Understanding the Five Primary Types of Data Loss Prevention Solutions



by Farokh Karani

Unexpected data loss, either to insiders or hackers, continues to be a big threat these days. While in recent years, news of data breaches has centered around B2C businesses (e.g. retail stores, banks) and customer data, currently, the topic has even expanded into the political realm.

With the onslaught in high-profile breaches, the limitations and vulnerabilities of traditional security have been brought to light. In response, corporate IT executives proactively examine their own security strategies and methods for data protection. While the actual costs of data loss are hard to pin down – industry analysts estimate these to be anywhere from $0.58 to $201 per record – the market for data loss prevention (DLP), continues to grow. 451 Research predicts that by 2019, the DLP market will reach $1.7 billion, while Markets and Markets estimates total DLP revenue will expand from $0.96 billion in 2015 to $2.64 billion by 2020; a robust compound annual growth rate (CAGR) of 22.3% — among the fastest growing IT security segments.

Most company attempts to mitigate data loss can (and should) start with an internal assessment of their own data and the programs in place to protect this. Such an inventory should include understanding the most critical data at risk (e.g. intellectual property, enterprise information and customer data); understanding how data breaches can occur (e.g. accidental leaks vs. malicious internal or external threats); and informing and training employees on policies and procedures to safeguard sensitive company data.

Finally, when it comes to considering a DLP system, companies need to clearly understand the five primary types of available DLP solutions:

  1. Endpoint-Based DLP monitors myriad devices (e.g. desktops, laptops, smartphones, tablets, etc.) to discover and prevent data leakage. Here, for example, outgoing emails or print commands can be scrutinized for procedure violations or discrepancies. Centrally managed and policy driven, this method prevents data loss at the endpoint. However, to be effective, it must be deployed on all corporate devices to ensure comprehensive data protection.
  1. Network-Based DLP, installed at the perimeter of corporate networks, analyzes traffic to discover suspicious outgoing data. If data disclosure policies appear to be violated, the leak source is determined. This approach is also centrally managed and policy driven but cannot prevent data loss at the endpoint, such as through mobile storage devices (e.g. USB drives).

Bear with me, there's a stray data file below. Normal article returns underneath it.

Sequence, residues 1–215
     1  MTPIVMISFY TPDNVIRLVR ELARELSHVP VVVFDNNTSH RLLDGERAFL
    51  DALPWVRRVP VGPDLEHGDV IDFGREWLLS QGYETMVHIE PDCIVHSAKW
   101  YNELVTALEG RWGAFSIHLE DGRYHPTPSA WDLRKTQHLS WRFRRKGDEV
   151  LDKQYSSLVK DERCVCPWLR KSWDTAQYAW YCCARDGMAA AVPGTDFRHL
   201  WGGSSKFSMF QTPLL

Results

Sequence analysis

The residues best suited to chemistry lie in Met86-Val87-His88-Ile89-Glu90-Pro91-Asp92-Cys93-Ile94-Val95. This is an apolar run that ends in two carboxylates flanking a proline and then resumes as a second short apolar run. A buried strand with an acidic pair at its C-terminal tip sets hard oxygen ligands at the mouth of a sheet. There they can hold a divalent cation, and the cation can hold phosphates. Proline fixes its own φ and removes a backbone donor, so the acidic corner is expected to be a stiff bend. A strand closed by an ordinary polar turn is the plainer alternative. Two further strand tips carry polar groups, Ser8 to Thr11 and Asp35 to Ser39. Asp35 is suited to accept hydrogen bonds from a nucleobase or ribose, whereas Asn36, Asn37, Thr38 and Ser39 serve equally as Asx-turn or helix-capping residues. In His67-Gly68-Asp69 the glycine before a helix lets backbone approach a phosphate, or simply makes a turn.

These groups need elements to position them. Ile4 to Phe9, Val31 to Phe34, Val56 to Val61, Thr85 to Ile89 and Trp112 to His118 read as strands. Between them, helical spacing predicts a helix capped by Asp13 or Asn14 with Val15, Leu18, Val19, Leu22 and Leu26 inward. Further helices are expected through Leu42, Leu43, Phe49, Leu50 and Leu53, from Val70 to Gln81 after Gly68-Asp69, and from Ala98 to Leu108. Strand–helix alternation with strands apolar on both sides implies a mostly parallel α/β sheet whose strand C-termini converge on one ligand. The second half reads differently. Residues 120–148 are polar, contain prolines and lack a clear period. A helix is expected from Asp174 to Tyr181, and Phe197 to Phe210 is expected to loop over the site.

1. Storage-Based DLP defends the storage of sensitive data. As storage risk is often due to insufficient data retention policies, these solutions can do far more than just protect critical data from leaking.
  1. Content-Aware DLP should be a key aspect of any security solution, as it monitors and enforces security policies based on the content and classification of sensitive data. Here, an alert is provided if a predefined keyword or file type is detected to be leaving the organization, which is effective in mitigating accidental or deliberate data leaks.
  1. Basic DLP Tools mitigate security leaks caused by rogue apps and malicious software. These tools scan installed programs and devices for security holes or blind spots, preventing attacks that come in via malware or other methods.

While understanding the primary DLP solution types is a start, determining the right approach and solution will vary based on a particular organization’s data, risk and threats. In any case, it’s clear that DLP should be an integral part of a company’s proactive program to manage and protect its most valuable and confidential information. The risk and consequences of data loss are just too great in the times we live in today.

Farokh Karani is director, North American Sales & Channels, for Quick Heal Technologies.

 

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